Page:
Beijing’s culinary gem: Moscow Restaurant’s timeless cultural exchange

04:01

For over seven decades, Moscow Restaurant has been a cherished destination in Beijing, offering a rich tapestry of Russian cuisine, music, and art amid the city’s bustling culinary scene.

The dining hall of the Moscow Restaurant in Beijing /CGTN

The dining hall of the Moscow Restaurant in Beijing /CGTN

Luan Yufeng, Deputy General Manager of the Beijing Exhibition Center, reflected on the restaurant’s storied past saying, “As Beijing’s inaugural high-end Russian restaurant open to the public, it initially held a special diplomatic status, catering primarily to political figures, officials, Russian experts and intellectuals. Over time, it gradually opened its doors to the public. Decades ago, a meal here could have amounted to several months’ salary, yet eager customers still lined up for the experience.”

Russian dishes are served at Moscow Restaurant in Beijing. /CGTN

Russian dishes are served at Moscow Restaurant in Beijing. /CGTN

The allure of Moscow Restaurant lies not only in its delectable cuisine, but also in its preservation of history and tradition. Whether it’s the vintage Russian silverware from decades past, or the meticulously maintained decor and culinary techniques, each element offers a nostalgic journey for many older generations.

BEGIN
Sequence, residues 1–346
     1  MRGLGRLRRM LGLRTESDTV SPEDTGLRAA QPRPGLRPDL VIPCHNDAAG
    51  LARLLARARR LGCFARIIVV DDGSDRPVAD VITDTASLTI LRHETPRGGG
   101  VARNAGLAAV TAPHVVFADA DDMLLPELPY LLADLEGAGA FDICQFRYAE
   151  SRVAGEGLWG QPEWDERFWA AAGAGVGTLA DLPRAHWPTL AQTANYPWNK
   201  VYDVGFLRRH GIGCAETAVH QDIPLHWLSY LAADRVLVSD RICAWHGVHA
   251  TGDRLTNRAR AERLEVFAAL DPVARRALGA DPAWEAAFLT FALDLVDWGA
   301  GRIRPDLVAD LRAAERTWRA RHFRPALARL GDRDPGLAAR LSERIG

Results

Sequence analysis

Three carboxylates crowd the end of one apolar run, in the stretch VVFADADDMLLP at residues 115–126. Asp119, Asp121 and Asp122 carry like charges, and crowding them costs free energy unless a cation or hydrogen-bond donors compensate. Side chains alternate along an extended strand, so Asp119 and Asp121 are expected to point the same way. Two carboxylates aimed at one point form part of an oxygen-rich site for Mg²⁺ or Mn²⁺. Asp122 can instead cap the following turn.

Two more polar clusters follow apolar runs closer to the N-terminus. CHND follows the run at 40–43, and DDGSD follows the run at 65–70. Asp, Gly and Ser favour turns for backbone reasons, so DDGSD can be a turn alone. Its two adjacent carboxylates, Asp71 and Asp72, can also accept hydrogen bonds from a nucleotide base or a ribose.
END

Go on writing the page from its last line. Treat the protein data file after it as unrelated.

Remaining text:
Customers celebrate a wedding anniversary. /CGTN

Customers celebrate a wedding anniversary. /CGTN

One customer, celebrating her 45th wedding anniversary, shared her heartfelt connection to the restaurant saying, “Moscow Restaurant holds a special place in my heart. Since my first visit decades ago, I’ve been captivated by its grand atmosphere and sincere Russian performers. It’s become a cherished venue for celebrating life’s milestones.”

Russian performers play instruments. /CGTN

Russian performers play instruments. /CGTN

For years, the restaurant serves as a vibrant cultural hub, where Russian musicians like Irina Pratsyuk and Alexander Butko share their talents with Chinese audiences. Pratsyuk, who has performed at the restaurant for over 16 years, expressed her deep connection to China saying, “I feel China is my second home. Through music, I’d like to introduce Russian culture to Chinese people.”

Amid China’s dynamic evolution since the 1950s, the Moscow Restaurant has stood as a beacon of Sino-Russian cultural exchange. Seamlessly blending traditions while adapting to Beijing’s changing landscape, it continues to serve as a testament to the enduring bond between the two countries.